Colts Coordinators In-Depth: Bruce Arians With Browns 2001-2003

INDIANAPOLIS, IN - MAY 4: Andrew Luck #12 of the Indianapolis Colts looks on with a group of players as they listen to offensive coordinator Bruce Arians during a rookie minicamp at the team facility on May 4, 2012 in Indianapolis, Indiana. (Photo by Joe Robbins/Getty Images)

Our first stop on our in-depth look at the Colts new coaching staff is with Offensive Coordinator Bruce Arians and his three years as the Browns O.C. back from 2001-2003. Arians was hired by new Head Coach Butch Davis to lead their offense after spending three seasons working with some guy named Peyton Manning in Indianapolis.

During his three year stint in Cleveland he helped lead the Browns to their only playoff appearance in their current incarnation back in 2002. For those of you that don't remember, they lost a shoot-out to the Steelers 36-33, a game they led 24-7 in the third quarter. The Quarterback for the Browns in that game? The incomparable Kelly Holcomb. Granted, this was before the NFL became a QB-Necessary league, but it wasn't like the Browns were this all-time great defense, so it's good to see a playoff game in this time span.

During Year 3 the Browns jumped out to a 3-3 start before the wheels fell off, losing eight of their next nine, and in order for Davis to keep his job, somebody needed to be the fall guy, and it ended up being Arians, as Defensive Coordinator Dave Campo kept his job, even though his defense slowly got worse over the same three year span. You'll see in the stats below why.

After the jump you'll see yearly numbers for each stat, as well as the overall numbers for each one over the three year span. Then I'll break down each year with some game-by-game stats in a couple key areas, and finally I'll give you my general impression of how these three years will translate to his time with the Colts.

All Stats Over the Three Year Span, Including Overall:

Statistic 2001 2002 2003 Overall
Offense Rank Offense Rank Offense Rank Offense Rank
DSR 63.0% 27 66.7% 24 67.4% 18 65.7% 25
ANPY/A 4.366 28 4.928 26 4.712 25 4.669 27
Turnovers 2.11 24 1.80 18 1.90 23 1.94 24
Yds/Drive 23.25 30 26.68 26 28.04 18 25.99 27
ToP/Drive 2:27.0 26 2:36.0 23 2:55.0 4 2:39.3 17
Yds/Play 4.673 26 5.071 21 4.774 26 4.839 27
First Downs/Drive 1.31 30 1.44 27 1.74 12 1.50 26
3rd/4th Down 33.9% 26 39.7% 17 38.8% 15 37.5% 20
Avg Start Pos 31.8 12 29.4 25 29.2 27 30.2 23
3 and Outs 5.02 29 3.97 21 2.98 4 3.99 18
RZ Eff 65.5% 11 67.4% 12 55.4% 27 62.8% 16
Plays/Drive 4.973 30 5.282 27 5.811 6 5.355 24
Penalty Yds / Play 0.919 22 0.856 18 0.722 9 0.832 17
RB Success 41.2% 26 42.0% 25 47.8% 6 43.7% 22
Yds/Carry 3.72 27 3.78 25 3.93 21 3.81 26
Net Punts Yds/Game 36.67 24 38.59 16 40.38 3 38.54 16
Overall 30 25 17 26

The biggest thing to look at here, and the reason why I think Davis made a scapegoat out of Arians, is the improvement almost entirely across the board from Year 1 to Year 3. In fact, only four of the 16 stats weren't an improvement each year. What this means then is if 2012 is a real struggle offensively, we have some evidence that things will in fact get better, and by year three, with a pretty average looking offense, and that's with a bunch of below-average players (and that's being nice).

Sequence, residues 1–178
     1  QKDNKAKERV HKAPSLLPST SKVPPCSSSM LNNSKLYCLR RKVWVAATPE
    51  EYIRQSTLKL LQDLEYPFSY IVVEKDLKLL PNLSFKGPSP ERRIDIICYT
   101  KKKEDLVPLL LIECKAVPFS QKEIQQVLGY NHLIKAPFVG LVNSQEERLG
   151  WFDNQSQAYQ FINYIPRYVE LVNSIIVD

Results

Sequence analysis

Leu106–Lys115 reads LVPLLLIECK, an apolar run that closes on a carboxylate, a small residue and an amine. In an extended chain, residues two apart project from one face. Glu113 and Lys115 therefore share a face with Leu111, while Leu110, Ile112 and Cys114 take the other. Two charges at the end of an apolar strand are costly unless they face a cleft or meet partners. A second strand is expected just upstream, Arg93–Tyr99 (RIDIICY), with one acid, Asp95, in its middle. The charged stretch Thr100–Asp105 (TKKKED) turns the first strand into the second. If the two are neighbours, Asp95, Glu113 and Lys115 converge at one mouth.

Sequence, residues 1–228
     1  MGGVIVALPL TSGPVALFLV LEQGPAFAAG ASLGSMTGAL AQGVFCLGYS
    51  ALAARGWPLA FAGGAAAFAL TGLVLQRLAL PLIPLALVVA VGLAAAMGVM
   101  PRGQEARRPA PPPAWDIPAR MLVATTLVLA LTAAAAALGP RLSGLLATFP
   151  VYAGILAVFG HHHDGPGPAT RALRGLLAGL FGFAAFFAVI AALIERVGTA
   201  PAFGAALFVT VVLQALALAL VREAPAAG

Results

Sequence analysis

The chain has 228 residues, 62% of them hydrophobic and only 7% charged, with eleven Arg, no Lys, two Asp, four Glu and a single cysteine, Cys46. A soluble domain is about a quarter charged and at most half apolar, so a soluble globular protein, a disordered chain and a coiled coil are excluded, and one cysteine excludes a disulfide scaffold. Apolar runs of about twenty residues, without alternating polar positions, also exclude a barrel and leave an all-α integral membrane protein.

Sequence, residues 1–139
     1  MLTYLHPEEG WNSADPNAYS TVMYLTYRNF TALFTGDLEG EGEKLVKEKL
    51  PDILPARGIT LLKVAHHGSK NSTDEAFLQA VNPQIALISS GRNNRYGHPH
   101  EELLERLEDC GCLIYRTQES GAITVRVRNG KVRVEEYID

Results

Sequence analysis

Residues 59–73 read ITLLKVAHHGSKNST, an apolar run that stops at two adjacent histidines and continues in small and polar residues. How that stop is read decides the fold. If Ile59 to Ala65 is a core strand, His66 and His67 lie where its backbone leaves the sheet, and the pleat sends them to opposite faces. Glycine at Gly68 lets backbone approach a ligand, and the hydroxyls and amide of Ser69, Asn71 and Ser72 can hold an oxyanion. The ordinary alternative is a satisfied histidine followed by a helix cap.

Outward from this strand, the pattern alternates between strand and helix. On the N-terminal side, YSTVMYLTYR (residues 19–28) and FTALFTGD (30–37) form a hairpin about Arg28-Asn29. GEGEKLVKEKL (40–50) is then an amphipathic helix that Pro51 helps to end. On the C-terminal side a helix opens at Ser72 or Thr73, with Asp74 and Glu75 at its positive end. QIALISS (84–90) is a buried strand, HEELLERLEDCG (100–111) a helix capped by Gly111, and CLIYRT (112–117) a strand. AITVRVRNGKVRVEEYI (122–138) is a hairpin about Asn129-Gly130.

I'm going to talk a little bit about each year, with some additional game-by-game data, then talk about my overall impressions of Arians in Cleveland.

Week Opponent Score DSR ANPY/A Turnovers Pass Pct.
1 Seahawks L 9 - 6 56.0% 2.733 1.112 59.0%
2 Lions W 24 - 14 62.1% 2.940 2.387 38.3%
3 Jaguars W 23 - 14 65.9% 4.600 3.366 50.7%
4 Chargers W 20 - 16 66.2% 6.453 0.777 50.0%
5 Bengals L 24 - 14 65.1% 6.437 0.992 62.0%
6 Ravens W 24 - 14 61.6% 9.310 0.062 40.8%
7 BYE
8 Bears L 27 - 21 64.0% 7.484 0.506 53.1%
9 Steelers L 15 - 12 63.1% 3.769 0.198 63.5%
10 Ravens W 27 - 17 72.9% 0.824 3.062 50.8%
11 Bengals W 18 - 0 53.9% 2.997 2.992 43.5%
12 Titans L 31 - 15 63.5% 3.013 3.406 70.2%
13 Patriots L 27 - 16 58.7% 2.701 3.838 68.9%
14 Jaguars L 15 - 10 59.3% 3.587 2.366 68.8%
15 Packers L 30 - 7 60.9% 2.582 4.400 58.7%
16 Titans W 41 - 38 75.9% 8.946 1.406 50.8%
17 Steelers L 28 - 7 58.0% 0.944 3.198 61.2%
2001 Season Average 63.0% 4.366 2.115 55.4%

When you look at the overall numbers for 2001, it doesn't look very good, but much like the 2011 Colts, the 2000 Browns weren't very good at all, finishing 3-13. There was one bright spot, and something I'll definitely be looking at for his first season in Pittsburgh, as well as next year with the Colts, and that is in the Red Zone, where the Browns were 11th best in the NFL at 65.5%. To add a little context to it, the Browns had 42 trips to the Red Zone in '01, which was 24th most in the NFL, so it wasn't like they didn't get there very often (the Colts had 47). Andrew Luck and Stanford were almost perfect in the Red Zone last season, and with the drafting of two big TEs, expect the Red Zone to be one of the Colts strengths in 2012.

A couple things to point out in the game-by-game data. First, the Browns beat the defending Super Bowl Champion Ravens twice in 2001, scoring 24 and 27 (defense aided) points on the NFL's #1 defense. The Week 10 win might not have been pretty passing the ball, and had some turnovers, but they were great on 3rd Down, and cashed in in the Red Zone, giving them the win. You'll also notice if you sort on the Pass Pct. column, which is the Run/Pass Ratio, that the seven games where they ran the ball more than pass they won, and the others they lost. Now, teams throw when they are behind, and they run when they are ahead, so this makes sense, and it makes it tough to know what the tendency will be going forward. We'll keep an eye on the other two years.